Making the Keys

Grinding

AddTo turn rake tines into thumb piano keys, I first cut off the bent section of the tines using a large set of pliers. Even with the largest pliers I could find (with an eight inch handle), it was still hard to cut the tines. I used a grinder to square up and smooth the cut edge, which was left very sharp from cutting. I ground down the sharp corners then gently rounded the edges for a much larger and more comfortable playing edge. The remaining sharp edges and burrs were removed by running the end over the grinder at a variety of angles until it was completely smooth.

Bending

AddI used a small vise and the same pliers from before to bend over the edges of the tines. This bend makes sure the ends point down and away from the player when installed on the thumb piano making the keys more comfortable to hit with the thumb. To get the bend consistent over 15 keys, I clamped each key to the same depth in the vise. Then, I firmly grabbed the exposed section and bent the key until my pliers were at about 45 degrees. This left me with the bend I was looking for and was very repeatable.

Cutting to Length

AddI used a previous version of this thumb piano I had already made to get the approximate length for each key. If you havenít made a thumb piano already, do not cut the keys to length yet. Instead, itís best to put the thumb piano together and tune it with the keys still at their full length. Then, mark each key where it should be cut off so you can be sure youíll have enough length to tune each one to the note you want. I cut my keys so the non-played end was just short of overhanging the edge of the sound box. This was enough length to allow for a bit of flexibility when trying different tunings, but mostly prevents the overhanging section from catching on other objects. I wonít try to write out the lengths I used for my keys since they will differ depending on the exact rake tines you use and the tuning you choose. Once cut to size, itís a good idea to grind the non-played end smooth since it will be pushed to lower the note played when tuning the thumb piano. If either of the keyís ends arenít smooth and deburred, they can make tuning really painful.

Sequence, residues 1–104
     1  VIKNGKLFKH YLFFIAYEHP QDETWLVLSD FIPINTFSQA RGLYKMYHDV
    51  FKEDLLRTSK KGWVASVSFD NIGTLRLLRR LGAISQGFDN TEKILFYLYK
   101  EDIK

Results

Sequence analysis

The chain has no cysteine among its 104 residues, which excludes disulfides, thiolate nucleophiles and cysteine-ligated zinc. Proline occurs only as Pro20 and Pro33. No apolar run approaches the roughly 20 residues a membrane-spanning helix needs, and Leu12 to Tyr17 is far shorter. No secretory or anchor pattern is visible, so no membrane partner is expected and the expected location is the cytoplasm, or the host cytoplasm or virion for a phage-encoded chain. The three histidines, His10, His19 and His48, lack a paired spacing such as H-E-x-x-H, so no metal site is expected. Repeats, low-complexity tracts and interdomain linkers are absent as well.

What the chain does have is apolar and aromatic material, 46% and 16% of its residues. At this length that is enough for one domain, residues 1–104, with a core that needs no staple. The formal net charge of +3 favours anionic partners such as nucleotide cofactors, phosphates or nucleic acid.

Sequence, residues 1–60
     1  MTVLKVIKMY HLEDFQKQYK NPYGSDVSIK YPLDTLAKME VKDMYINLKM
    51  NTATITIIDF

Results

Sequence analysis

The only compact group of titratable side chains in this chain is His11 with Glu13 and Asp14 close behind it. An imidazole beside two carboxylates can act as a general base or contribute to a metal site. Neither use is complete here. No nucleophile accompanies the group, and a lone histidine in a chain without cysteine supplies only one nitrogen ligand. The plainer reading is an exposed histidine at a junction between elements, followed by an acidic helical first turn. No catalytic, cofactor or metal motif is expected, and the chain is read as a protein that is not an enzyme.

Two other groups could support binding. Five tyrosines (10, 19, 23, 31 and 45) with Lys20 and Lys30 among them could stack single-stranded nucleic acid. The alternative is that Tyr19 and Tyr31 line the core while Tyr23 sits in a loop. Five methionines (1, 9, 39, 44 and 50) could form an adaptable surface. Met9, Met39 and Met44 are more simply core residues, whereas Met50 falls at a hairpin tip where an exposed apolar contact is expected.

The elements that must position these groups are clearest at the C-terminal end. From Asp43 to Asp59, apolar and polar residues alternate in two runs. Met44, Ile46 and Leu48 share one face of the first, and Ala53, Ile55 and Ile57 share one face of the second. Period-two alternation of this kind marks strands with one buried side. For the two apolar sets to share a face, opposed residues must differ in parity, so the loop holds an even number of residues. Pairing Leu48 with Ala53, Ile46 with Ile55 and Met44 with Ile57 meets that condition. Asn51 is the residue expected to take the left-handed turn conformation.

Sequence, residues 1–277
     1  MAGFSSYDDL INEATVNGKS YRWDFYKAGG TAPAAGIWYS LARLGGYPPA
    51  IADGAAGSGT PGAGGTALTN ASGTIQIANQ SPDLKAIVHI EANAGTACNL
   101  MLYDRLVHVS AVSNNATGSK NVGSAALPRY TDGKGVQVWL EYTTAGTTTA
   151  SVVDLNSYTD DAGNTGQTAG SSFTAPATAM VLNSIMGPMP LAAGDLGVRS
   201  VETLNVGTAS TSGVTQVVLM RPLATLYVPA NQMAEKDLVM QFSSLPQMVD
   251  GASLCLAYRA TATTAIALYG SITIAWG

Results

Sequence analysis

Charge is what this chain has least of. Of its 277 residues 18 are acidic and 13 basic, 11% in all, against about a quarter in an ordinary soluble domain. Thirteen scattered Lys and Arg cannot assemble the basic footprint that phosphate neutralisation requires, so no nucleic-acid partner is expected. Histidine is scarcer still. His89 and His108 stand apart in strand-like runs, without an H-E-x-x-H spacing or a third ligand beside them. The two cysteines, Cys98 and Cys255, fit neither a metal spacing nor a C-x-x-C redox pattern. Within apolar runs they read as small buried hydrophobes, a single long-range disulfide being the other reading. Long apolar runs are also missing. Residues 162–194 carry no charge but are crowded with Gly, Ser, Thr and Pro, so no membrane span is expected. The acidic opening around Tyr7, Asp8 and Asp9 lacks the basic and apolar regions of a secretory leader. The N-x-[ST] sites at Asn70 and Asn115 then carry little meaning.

Polishing

AddI used a dowel chucked in the drill press with piece of 600 grit wet dry sandpaper double-side taped to it to sand the keys. I dunked each key in water then sanded the uneven, dirty, slightly corroded, pitted and scratched surface until it was smooth. I used steel wool, also wrapped around the dowel, to buff each key to a nice shine. The steel wool wasnít taped on: It wrapped around the dowel and matted together on its own. This step, especially polishing with the steel wool, could probably be done just as easily by hand if you prefer.

Tuning

AddI tune my 15 key thumb pianos to two full octaves of a g major scale. The very center key is tuned to the low g. From there, the scale alternates back and forth between the sides. Overall, the thumb piano is tuned like this from left to right:
F D B G E C A G B D F A C E G

The best method Iíve found to tune the thumb piano to the correct pitches is to use a piano to play a reference tone, then to match the thumb pianoís note to that reference tone. Iíve also tuned the thumb pianoís low g or middle g with a tuner, and then filled in the rest of the scale by ear until it sounded like a major scale through both octaves. Even easier than these methods would be to use a chromatic tuner (my tuner only works with the notes g, d, a and e since itís made for tuning violin family instruments), but I havenít had a chance to try tuning a thumb piano with one of these.

Overall, tuning a thumb piano can be a real pain since you not only have to tune 15 keys, you have to tune them all at once. This is very different from a guitar (with a mere six strings) where you can tune one string without even putting on any of the others. To make tuning a thumb piano manageable, I start by putting all of the keys in place with the rod and screws just loose. Then, I bring the rod to partial tension on the keys. I use a finger or a hard object like a flathead screwdriver to push each keyís ends, moving the key back and forth and raising or lowering its pitch. Once Iím satisfied with the tuning, I tighten the screws as much as I can without harming them.